The Super Bowl champs in 2010 and the top seed in the NFC after the 2011 regular season, the Packers are built to contend once again in 2012. Led by a G.M. who has little appetite for veteran free agency, it’s important that they keep making good decisions in the draft, in order to ensure that the team will continue to contend on a year-in, year-out basis. Especially since the Packers have a few glaring holes that need to be filled in the short term.
Defensive end: The Packers let Cullen Jenkins walk away in free agency last year, and they were never able to properly replace him. They need a so-called “five technique” lineman to help tie up blockers, which will make the linebackers look a lot better. Without a strong defensive line in 2011, the linebackers looked a lot worse.
Outside linebacker: Clay Matthews regressed last season, due in large part to the dip in the performance of the defensive line. He needs to turn it around, and the Packers still need an effective bookend, who will be able to help harass the likes of Matthew Stafford, Eli Manning, Drew Brees, and Jay Cutler.
Defensive back: Safety Nick Collins (neck) may be done, and cornerback Charles Woodson is getting closer and closer to the end of the line. The lack of a push from the front seven puts extra pressure on the secondary, highlighting whatever flaws may reside there. Though better play from the defensive line and linebackers will make the defensive backs automatically look better, picks still need to be invested at the cornerback/safety position, given that the Packers are dealing in their division with prolific passing attacks in Detroit and, with the arrival of Brandon Marshall, Chicago.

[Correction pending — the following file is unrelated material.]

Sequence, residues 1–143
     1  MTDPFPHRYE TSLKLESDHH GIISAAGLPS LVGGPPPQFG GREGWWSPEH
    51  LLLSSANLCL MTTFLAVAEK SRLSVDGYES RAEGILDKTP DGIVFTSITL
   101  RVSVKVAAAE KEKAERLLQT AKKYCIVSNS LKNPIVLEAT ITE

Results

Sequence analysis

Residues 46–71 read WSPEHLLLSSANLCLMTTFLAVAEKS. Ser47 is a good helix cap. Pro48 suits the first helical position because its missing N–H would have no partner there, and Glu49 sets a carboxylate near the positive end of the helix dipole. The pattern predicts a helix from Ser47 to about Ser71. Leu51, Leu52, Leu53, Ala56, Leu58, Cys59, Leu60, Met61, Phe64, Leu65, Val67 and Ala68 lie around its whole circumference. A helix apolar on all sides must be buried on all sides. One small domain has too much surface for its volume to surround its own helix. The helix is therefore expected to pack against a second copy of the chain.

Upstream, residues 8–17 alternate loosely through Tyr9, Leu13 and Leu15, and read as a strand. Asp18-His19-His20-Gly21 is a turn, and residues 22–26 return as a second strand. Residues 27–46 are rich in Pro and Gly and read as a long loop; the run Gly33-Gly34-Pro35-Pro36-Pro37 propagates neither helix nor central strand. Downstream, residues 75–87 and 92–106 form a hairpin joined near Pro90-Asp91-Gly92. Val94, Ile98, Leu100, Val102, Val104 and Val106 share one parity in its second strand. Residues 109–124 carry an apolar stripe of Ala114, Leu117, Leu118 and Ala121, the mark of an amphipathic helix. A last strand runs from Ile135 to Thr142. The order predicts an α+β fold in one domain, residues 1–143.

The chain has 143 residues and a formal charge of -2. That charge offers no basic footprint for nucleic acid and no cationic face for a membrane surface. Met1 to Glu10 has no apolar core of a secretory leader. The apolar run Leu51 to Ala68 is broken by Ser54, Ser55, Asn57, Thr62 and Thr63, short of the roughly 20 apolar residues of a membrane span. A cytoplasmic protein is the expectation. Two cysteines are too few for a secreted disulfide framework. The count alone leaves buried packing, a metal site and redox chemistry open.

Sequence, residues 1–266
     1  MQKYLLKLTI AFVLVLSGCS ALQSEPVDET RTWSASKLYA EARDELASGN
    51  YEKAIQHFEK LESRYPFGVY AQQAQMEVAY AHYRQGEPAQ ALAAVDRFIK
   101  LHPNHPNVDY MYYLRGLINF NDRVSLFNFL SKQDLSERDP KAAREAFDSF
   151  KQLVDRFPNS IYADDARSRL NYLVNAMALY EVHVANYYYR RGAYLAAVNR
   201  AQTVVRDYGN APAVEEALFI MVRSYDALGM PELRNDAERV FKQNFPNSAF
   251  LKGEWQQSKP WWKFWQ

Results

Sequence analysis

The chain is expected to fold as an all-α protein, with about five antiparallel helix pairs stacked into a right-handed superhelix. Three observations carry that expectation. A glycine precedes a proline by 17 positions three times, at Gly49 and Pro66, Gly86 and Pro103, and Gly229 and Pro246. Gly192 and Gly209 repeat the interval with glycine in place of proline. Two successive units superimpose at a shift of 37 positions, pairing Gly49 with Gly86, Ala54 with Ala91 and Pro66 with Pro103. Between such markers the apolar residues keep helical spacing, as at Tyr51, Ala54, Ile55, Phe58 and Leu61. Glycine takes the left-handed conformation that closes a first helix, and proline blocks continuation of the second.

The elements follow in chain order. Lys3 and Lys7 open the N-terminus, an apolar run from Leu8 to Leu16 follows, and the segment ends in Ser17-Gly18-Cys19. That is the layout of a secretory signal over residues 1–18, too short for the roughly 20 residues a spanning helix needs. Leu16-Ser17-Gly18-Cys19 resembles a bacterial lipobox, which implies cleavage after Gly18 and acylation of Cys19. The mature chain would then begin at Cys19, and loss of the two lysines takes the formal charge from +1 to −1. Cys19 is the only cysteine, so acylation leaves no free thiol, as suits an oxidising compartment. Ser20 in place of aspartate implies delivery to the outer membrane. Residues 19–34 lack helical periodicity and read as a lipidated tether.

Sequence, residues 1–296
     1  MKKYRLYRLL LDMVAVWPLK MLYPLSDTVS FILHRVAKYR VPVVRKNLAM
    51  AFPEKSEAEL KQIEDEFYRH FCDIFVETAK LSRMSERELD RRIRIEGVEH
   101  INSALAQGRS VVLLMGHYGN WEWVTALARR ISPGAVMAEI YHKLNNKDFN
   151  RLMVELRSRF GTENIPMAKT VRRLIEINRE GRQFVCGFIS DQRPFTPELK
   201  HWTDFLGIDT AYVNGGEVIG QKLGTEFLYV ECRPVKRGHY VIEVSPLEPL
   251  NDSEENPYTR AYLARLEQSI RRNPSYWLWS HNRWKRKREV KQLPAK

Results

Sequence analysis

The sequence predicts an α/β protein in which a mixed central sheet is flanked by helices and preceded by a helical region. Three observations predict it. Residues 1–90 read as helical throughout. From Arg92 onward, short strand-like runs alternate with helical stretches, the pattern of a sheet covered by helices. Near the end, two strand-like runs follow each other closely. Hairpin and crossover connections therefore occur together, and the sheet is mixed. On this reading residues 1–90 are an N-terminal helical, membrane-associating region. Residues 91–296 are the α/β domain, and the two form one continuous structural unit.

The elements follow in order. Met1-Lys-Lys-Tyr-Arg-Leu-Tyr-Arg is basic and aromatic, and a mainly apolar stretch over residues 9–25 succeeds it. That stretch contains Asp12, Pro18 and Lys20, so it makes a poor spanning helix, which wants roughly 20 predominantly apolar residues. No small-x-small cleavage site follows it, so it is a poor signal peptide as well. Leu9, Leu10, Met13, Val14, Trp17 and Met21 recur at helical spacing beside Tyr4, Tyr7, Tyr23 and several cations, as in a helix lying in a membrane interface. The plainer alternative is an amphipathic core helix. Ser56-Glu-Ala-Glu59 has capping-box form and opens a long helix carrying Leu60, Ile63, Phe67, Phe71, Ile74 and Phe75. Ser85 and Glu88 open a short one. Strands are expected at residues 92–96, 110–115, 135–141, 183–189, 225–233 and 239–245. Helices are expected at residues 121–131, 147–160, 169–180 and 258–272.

Offensive line: Jeff Saturday will serve as a finger-in-the-dike at the center position; the Packers need a long-term solution. They also need to feel more confident about their left tackle situation, a fairly critical spot for an offense with a right-handed quarterback.
Running back: The Packers currently have three running backs on the roster. James Starks, Brandon Saine, and Alex Green. Need I say more? (Maybe not, but I will anyway.) A mid-round choice and a late-round flier will beef up the depth chart, provide some special-teams help, create competition, and perhaps produce a workhorse, sooner or later.
Quarterback: What? A team with the reigning league MVP at the quarterback position needs a quarterback? With Matt Flynn gone and no veteran signed in free agency, the Packers need a No. 2 quarterback who hopefully can be groomed to do what Flynn, a seventh-rounder in 2008, did when called upon to play. And then the Packers need to hope that he’ll be called upon to play rarely.
Having a true franchise quarterback makes a team a contender, regardless of the quality of the rest of the roster. But the Packers learned the hard way in 2011 that the things that happen when the franchise quarterback isn’t on the field could prevent the team from getting to the Super Bowl. Only modest improvement of the Packers’ defense in 2012 will put Titletown’s team back in the title game — if the MVP keeps playing like one.